JT Walker's and the Mahomet Area Chamber of Commerce presented the second annual Mahomet Craft Beer Festival Saturday.
With downtown Mahomet's Main Street closed, the festival welcomed more than 30 breweries along with beverages from the Homer Soda Company and wine selections from Alto Vineyards Champaign.
The event also included a Central Illinois BBQ Cookoff, which sparked the interest of many, including Mansfield resident Cory Freeman, who prepared chicken and ribs for the competition.
"We're cooking a lot of food and hanging out with friends and finally enjoying some nice weather," he said. "We do these competitions all over, but we're here to support Mahomet and JTs and everything."
A few competitors began as early as 6:30 a.m. For Cindy, Patrick and Mike Westendorf, all of Dieterich, along with friend Rick Ludwig of Robinson, the early morning was well worth it.
"It brings people together," Ludwig said.
Competing not only against other competitors but also the weather, Mike Westendorf said conditions were quite windy.
"Our tent almost blew away a couple of times," he added.
All in all, the group enjoyed the festival and especially "the smell and the taste of the food," Patrick Westendorf said.
Andy Hussemann, of Mahomet was pleasantly surprised at the turnout of the crowd as he only found out about the festival a few days prior.
"I think it's cool that so many people are down here," he said. "Once I found out about it, I said, 'I'm going.'"
Recruiting more than Mahomet residents, the festival brought in other area locals such as University of Illinois veterinarian students Victoria McLean and Brittany Paquette.
"It's a good break from school," McLean said. "We tried to get our other friends to come, too, but we couldn't pull them away."
With the festival seated in the heart of downtown, the opportunity for local business exposure was prime.
"We would have never come here otherwise," Paquette said. "We looked at local boutique shops, like the one across the street (JdMarie Boutique)."
JdMarie Boutique co-owner Tammy Morrissey found her store's traffic steadily increasing at her Main Street storefront.
"It brings awareness that people are here," she said. "It's a good thing to bring the community together."
Food truck vendors Chester's BBQ Truck and the Snack Shake, of Jenkin's Catering, provided fan favorites from sandwiches to popcorn, pretzels and more.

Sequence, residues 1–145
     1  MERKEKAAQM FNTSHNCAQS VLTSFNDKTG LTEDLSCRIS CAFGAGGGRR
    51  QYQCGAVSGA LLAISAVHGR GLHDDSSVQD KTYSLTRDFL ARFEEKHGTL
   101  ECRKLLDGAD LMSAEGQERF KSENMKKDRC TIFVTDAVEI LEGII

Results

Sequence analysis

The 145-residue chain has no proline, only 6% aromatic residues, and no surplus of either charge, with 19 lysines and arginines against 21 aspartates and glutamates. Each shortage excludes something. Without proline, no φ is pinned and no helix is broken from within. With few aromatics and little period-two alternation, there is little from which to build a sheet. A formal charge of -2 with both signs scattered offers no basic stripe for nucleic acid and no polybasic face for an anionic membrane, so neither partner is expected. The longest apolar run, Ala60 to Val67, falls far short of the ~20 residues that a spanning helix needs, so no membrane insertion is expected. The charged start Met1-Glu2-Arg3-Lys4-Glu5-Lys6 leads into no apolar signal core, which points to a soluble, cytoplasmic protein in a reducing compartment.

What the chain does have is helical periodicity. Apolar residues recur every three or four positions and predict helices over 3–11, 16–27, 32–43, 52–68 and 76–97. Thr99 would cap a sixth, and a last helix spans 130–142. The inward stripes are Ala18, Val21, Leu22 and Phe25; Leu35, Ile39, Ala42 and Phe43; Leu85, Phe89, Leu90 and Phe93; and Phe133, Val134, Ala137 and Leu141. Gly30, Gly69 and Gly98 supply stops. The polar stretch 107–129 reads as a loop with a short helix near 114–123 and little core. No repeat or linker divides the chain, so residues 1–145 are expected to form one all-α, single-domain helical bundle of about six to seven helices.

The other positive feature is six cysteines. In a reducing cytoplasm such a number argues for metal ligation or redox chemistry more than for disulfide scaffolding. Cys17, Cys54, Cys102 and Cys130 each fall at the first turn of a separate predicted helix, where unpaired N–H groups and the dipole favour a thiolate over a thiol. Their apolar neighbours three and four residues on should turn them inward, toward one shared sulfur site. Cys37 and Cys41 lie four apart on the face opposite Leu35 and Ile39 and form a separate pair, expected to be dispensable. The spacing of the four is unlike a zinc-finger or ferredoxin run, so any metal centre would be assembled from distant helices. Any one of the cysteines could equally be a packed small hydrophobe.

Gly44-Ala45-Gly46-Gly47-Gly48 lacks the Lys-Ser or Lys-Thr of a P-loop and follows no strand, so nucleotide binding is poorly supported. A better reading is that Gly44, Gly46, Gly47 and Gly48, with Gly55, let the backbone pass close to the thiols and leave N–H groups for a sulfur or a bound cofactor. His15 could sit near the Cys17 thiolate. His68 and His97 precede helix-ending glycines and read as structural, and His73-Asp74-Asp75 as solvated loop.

"It's been a fun event," Snack Shack owner Jason Jenkins said. "We specialize in events and festivals, and we love the small-town festivals. It brings a lot of fun people out."
Jenkins attended Mahomet's Skate on Main event in January, and he said he plans to return for the Mahomet Auto Fest on June 8 and the Mahomet Music Festival Aug. 24-25.
Also returning to the area were Beth and Martin Saupe from Merrybeth Farm Carriage Service of Champaign. The two visited Mahomet during Village Christmas in December. Clydesdale Jill, along with driver Martin Saupe, provided 10-minute rides.
Beth and Martin Saupe plan to visit Mahomet from 5 to 8 p.m. on May 26, June 23, July 28 and August 25. Adults may ride for $10, and children ages 3 to 12 may do so for $5, while those under 3 are free.
"Mahomet has a wonderful farm community feel to it, but there's also many other things happening here," Beth Saupe said.
Andy Hart, JT Walker's marketing and brand director and graphic designer, said the JT Walker's crew prepared for the event for roughly a year.
Hart was excited with the more than 30 breweries participating compared to last year's 17.
"Incorporating the chamber helped with several new aspects such as getting the food trucks and the barbeque competition," Hart said.
His favorite part of the event included meeting numerous people and seeing new breweries check out Mahomet.
"Like 350 Brewing Company," Hart said. "They're out of Chicago and they never pour out of Chicago, so them being here is awesome."
Having been with JT Walker's for more than four years, Hart also realized the importance of the festival in bringing a spotlight to downtown Mahomet.
"It brings recognition to the town," he said. "It brings recognition to small businesses with all of the people walking by and obviously, it helps our restaurant and brewery. So many local businesses take in exposure from this."